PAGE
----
Sections

Fiddle America: Brooklynite brings mountain music to Folk Festival

Heritage music: Anna Rg spent years researching Appalachian and New England folk music and will combine the old tunes with her own modern adaptation at this year’s Brooklyn Folk Festival at St. Ann’s Church in Brooklyn Heights on Apr. 6.
Brooklyn Paper
Share on TwitterTweet
Share on Facebook
Subscribe

Don’t miss our updates:

She’s an Appalachian trailblazer!

A Crown Heights folk musician will bring songs from her years of Appalachian field research to the annual Brooklyn Folk Festival, happening at St. Ann’s Church in Brooklyn Heights from April 5–7. The fiddler, banjo player, and ethnomusicologist Anna Roberts-Gevalt, who goes by Anna Rg onstage, will perform a blend of traditional and avant-garde tunes from coal country on the final day of this year’s festival, which is sponsored by the Jalopy Theater in Red Hook.

Roberts-Gevalt says that spending four years immersed in the mountain culture helped her break out of the navel-gazing urban arts scene, and connected her to a longer lineage.

“In New York it’s very easy to get caught up in yourself and your art,” Roberts-Gevalt said. “It was a good reminder that there’s these threads of life that have been going on for so long and will continue after our deaths.”

Roberts-Gevalt drove down to Kentucky in her station wagon in 2009, fiddle and banjo in tow, and learned from Appalachians young and old, including the late fiddler Paul David Smith, who spent his time passing the mountain region’s lore on to the next generation, while encouraging them to add their own twists to the songs, she said.

“He was excited that the music was changing,” she said. “The week before he died he was asked ‘Why do you like playing music with young people?’ and he said, ‘Oh the young people are choosing notes that I had never thought to choose.’ ”

The researcher also dug up some obscure local artifacts, including the “crankie,” a scroll that unwinds to tell a visual story, which she has incorporated into performances with her band Anna and Elizabeth, though she will not break it out for her solo show on April 7.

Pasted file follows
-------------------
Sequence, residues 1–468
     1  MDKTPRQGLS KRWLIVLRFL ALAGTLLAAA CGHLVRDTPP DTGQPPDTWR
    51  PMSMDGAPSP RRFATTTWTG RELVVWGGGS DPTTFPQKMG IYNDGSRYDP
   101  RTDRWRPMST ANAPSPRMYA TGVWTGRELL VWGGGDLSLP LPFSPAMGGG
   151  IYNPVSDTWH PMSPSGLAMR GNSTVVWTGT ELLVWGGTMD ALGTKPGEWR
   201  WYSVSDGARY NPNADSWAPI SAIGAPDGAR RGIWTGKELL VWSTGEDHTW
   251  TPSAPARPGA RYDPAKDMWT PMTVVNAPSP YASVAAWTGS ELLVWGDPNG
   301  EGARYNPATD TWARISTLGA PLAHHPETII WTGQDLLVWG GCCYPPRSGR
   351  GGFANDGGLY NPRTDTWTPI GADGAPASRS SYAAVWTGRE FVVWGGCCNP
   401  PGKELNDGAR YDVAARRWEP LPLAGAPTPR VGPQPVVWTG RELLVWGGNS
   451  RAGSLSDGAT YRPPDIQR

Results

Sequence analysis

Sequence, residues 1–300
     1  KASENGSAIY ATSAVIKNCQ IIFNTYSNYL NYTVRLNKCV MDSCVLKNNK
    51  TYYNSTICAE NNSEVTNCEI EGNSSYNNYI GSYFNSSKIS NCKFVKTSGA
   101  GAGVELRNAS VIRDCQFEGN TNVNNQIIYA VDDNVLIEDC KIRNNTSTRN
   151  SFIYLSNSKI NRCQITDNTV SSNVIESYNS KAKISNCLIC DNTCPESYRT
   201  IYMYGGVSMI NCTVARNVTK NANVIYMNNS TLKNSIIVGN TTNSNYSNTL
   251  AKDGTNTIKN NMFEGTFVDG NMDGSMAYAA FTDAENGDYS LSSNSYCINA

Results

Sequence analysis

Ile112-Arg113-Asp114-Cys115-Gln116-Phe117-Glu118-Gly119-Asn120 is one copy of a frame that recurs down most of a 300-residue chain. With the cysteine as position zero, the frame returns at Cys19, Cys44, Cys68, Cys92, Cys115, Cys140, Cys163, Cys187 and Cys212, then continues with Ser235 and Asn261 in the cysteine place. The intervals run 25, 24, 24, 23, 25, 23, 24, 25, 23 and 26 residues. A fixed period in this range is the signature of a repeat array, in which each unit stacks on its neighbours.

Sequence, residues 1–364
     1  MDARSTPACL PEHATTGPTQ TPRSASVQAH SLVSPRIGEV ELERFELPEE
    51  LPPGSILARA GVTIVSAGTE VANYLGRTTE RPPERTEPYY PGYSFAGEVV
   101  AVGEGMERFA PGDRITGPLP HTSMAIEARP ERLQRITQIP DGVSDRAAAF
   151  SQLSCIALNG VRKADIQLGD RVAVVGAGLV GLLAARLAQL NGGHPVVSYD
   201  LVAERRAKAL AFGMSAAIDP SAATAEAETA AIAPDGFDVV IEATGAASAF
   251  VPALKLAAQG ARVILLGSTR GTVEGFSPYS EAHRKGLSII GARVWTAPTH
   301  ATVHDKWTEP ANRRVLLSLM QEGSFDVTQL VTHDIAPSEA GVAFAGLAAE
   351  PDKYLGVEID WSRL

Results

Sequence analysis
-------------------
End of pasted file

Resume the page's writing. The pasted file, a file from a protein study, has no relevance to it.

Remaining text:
During her time in the bluegrass state, Roberts-Gevalt saw how young songsters connected with their heritage, which inspired her to research her own New England ancestry at a Vermont archive of more than 4,000 song recordings. After moving to Crown Heights three years ago, she also took inspiration from the city’s experimental and improvisational music scene, adding a personal flavor to her traditional catalog.

“I want to present the traditional songs and then my response through the arrangements and improvisations I make,” she said.

During her show, she plans to sing and play traditional songs from Appalachia, along with New England ballads and her own original material — but rather than keep them separate, she hopes the forms will combine into a mix that stays true to herself.

“The long term goal for my music is to let it synthesize, I’m trying to let them all marinate together,” she said. “Not a new genre, but finding combinations that are very personal to me.”

Anna Rg plays the Brooklyn Folk Festival at St. Ann’s Church [157 Montague St. between Henry and Clinton streets in Brooklyn Heights, (718) 395–3214, www.brooklynfolkfest.com]. April 7 at 8 pm. $25 Sunday night pass; $40 all day, $80 three-day festival pass. Festival lasts from April 5 at 7:30 pm to April 7 at 10 pm.

Reach reporter Kevin Duggan at (718) 260–2511 or by e-mail at kduggan@cnglocal.com. Follow him on Twitter @kduggan16.
Posted 12:00 am, March 26, 2019
Today’s news:
Share on TwitterTweet
Share on Facebook
Subscribe

Don’t miss our updates:


Reasonable discourse

Comments closed.

First name
Last name
Your neighborhood
Email address
Daytime phone

Your letter must be signed and include all of the information requested above. (Only your name and neighborhood are published with the letter.) Letters should be as brief as possible; while they may discuss any topic of interest to our readers, priority will be given to letters that relate to stories covered by The Brooklyn Paper.

Letters will be edited at the sole discretion of the editor, may be published in whole or part in any media, and upon publication become the property of The Brooklyn Paper. The earlier in the week you send your letter, the better.

Keep it local!

Stay in touch with your community. Subscribe to our free newsletter: